There is one thing that nearly everyone can agree on — Pennsylvania’s highways and bridges are in desperate need of repairs and upgrades.
There is also one thing that almost no one can agree on — how to pay for it.
That’s why we applaud Gov. Tom Wolf’s appointment of a commission to recommend alternatives to pay for the state’s transportation needs.
Because one thing is certain — the old ideas aren’t working.
The state has the second-highest gasoline tax in the nation and yet our roads were rated the fifth-worst in the nation, according to one recent study.
It’s obvious that Pennsylvania taxpayers aren’t getting much bang for the buck and that something needs to change.
The makeup of the commission: That’s where the commission will come in and hopefully develop some fresh ideas on how to fairly raise the cash.
It’s a tall task.
Wolf seeks overhaul of Pennsylvania’s highway funding
According to an Associated Press report, the commission will include several dozen lawmakers, transportation industry representatives, transportation planners, government officials and others to deliver recommendations by Aug. 1 of funding alternatives to foot the extra billions of dollars deemed to be necessary.
We like the idea that the recommendations are due in months, not years. Something must change, in a hurry.
Gas tax isn’t working: It’s becoming more obvious by the day that the gas tax is becoming obsolete.
With more electric cars, vehicles getting better gas mileage and more folks working from home, there’s less gas being used. Therefore, the money being derived from the gas tax can’t keep up with the money needed for fixing our infrastructure.
User fees and state police: User fees are being suggested to raise some of the cash needed for the upgrades.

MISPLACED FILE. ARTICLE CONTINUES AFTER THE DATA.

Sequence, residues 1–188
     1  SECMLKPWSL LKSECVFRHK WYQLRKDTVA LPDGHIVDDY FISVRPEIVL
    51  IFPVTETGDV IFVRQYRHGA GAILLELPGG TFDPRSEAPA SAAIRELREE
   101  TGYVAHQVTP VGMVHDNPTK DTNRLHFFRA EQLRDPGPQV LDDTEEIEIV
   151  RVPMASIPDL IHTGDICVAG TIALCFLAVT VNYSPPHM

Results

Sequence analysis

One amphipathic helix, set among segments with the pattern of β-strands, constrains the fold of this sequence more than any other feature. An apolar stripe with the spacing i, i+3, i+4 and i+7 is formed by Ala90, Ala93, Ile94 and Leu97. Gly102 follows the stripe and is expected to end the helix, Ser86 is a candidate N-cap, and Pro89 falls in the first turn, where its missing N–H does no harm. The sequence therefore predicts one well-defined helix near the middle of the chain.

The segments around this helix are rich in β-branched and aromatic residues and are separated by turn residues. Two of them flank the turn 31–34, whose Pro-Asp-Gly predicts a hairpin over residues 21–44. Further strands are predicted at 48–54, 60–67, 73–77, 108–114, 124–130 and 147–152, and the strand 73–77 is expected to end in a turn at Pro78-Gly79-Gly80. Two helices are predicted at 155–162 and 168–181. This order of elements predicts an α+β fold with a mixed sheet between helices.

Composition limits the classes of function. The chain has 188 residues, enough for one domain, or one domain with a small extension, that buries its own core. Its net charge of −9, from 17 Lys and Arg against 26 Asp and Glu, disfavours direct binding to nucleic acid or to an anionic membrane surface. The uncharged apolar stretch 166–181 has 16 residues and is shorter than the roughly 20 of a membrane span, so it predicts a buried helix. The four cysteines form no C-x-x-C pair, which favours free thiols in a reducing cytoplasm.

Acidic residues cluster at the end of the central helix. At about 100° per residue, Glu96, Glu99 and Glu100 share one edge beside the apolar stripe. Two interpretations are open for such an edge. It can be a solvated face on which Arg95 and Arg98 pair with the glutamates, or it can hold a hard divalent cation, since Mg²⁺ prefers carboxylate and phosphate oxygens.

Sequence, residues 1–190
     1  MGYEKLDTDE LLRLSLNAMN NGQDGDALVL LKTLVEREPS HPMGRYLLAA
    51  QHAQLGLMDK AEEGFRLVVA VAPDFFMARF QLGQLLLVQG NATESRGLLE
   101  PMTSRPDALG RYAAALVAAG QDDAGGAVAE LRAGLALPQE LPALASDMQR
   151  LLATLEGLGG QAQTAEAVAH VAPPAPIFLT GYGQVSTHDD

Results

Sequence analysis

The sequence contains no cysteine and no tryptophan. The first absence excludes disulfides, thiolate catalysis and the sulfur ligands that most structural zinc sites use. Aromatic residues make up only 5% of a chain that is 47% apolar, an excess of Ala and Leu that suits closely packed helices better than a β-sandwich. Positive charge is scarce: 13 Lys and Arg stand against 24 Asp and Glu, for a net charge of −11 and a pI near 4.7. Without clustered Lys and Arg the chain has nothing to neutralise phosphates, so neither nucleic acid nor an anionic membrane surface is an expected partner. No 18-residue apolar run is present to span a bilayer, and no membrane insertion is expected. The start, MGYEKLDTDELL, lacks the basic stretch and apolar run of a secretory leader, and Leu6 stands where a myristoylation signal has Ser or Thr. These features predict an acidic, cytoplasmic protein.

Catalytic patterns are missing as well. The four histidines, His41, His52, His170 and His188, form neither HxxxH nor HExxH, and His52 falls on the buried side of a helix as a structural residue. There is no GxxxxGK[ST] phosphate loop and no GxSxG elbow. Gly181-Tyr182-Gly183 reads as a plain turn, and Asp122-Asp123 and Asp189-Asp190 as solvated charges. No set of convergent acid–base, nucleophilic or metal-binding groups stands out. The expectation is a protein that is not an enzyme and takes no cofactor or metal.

PennDOT, for example, is seeking to add tolls to nine major bridges on interstates around the state to finance reconstruction projects. That idea is drawing objections from Republican lawmakers, but it does seem like a fair way to generate revenue. Those using the bridges would pay for much of the upgrades on those bridges.
Another idea that deserves definite consideration is weaning the state police budget off highway construction funds. One has nothing to do with the other. Twelve cents per gallon of the state tax goes to the state police budget.
It would be a much better idea if that money came from the municipalities that refuse to pay for their own local police coverage and instead rely on the state police for protection. That state police protection should come with a cost to those municipalities. Their free lunch must end.
Not an isolated example: Unfortunately, the state police example is not an isolated one.
Lawmakers, over the years, have peeled off almost half of the gas tax revenue for other purposes, such as 8 cents a gallon to local governments and 3 cents a gallon to the Department of Agriculture and other state agencies.
That needs to stop, too. A gas tax should be used to fix transportation infrastructure — period.
Infrastructure vital to the state economy: If Pennsylvania wants to remain competitive with nearby states when it comes to attracting new businesses, our roads and bridges must be competitive, as well.
Right now, we are falling woefully behind in that area.
Hopefully, the new commission can figure out some innovative ways to pay for our infrastructure needs.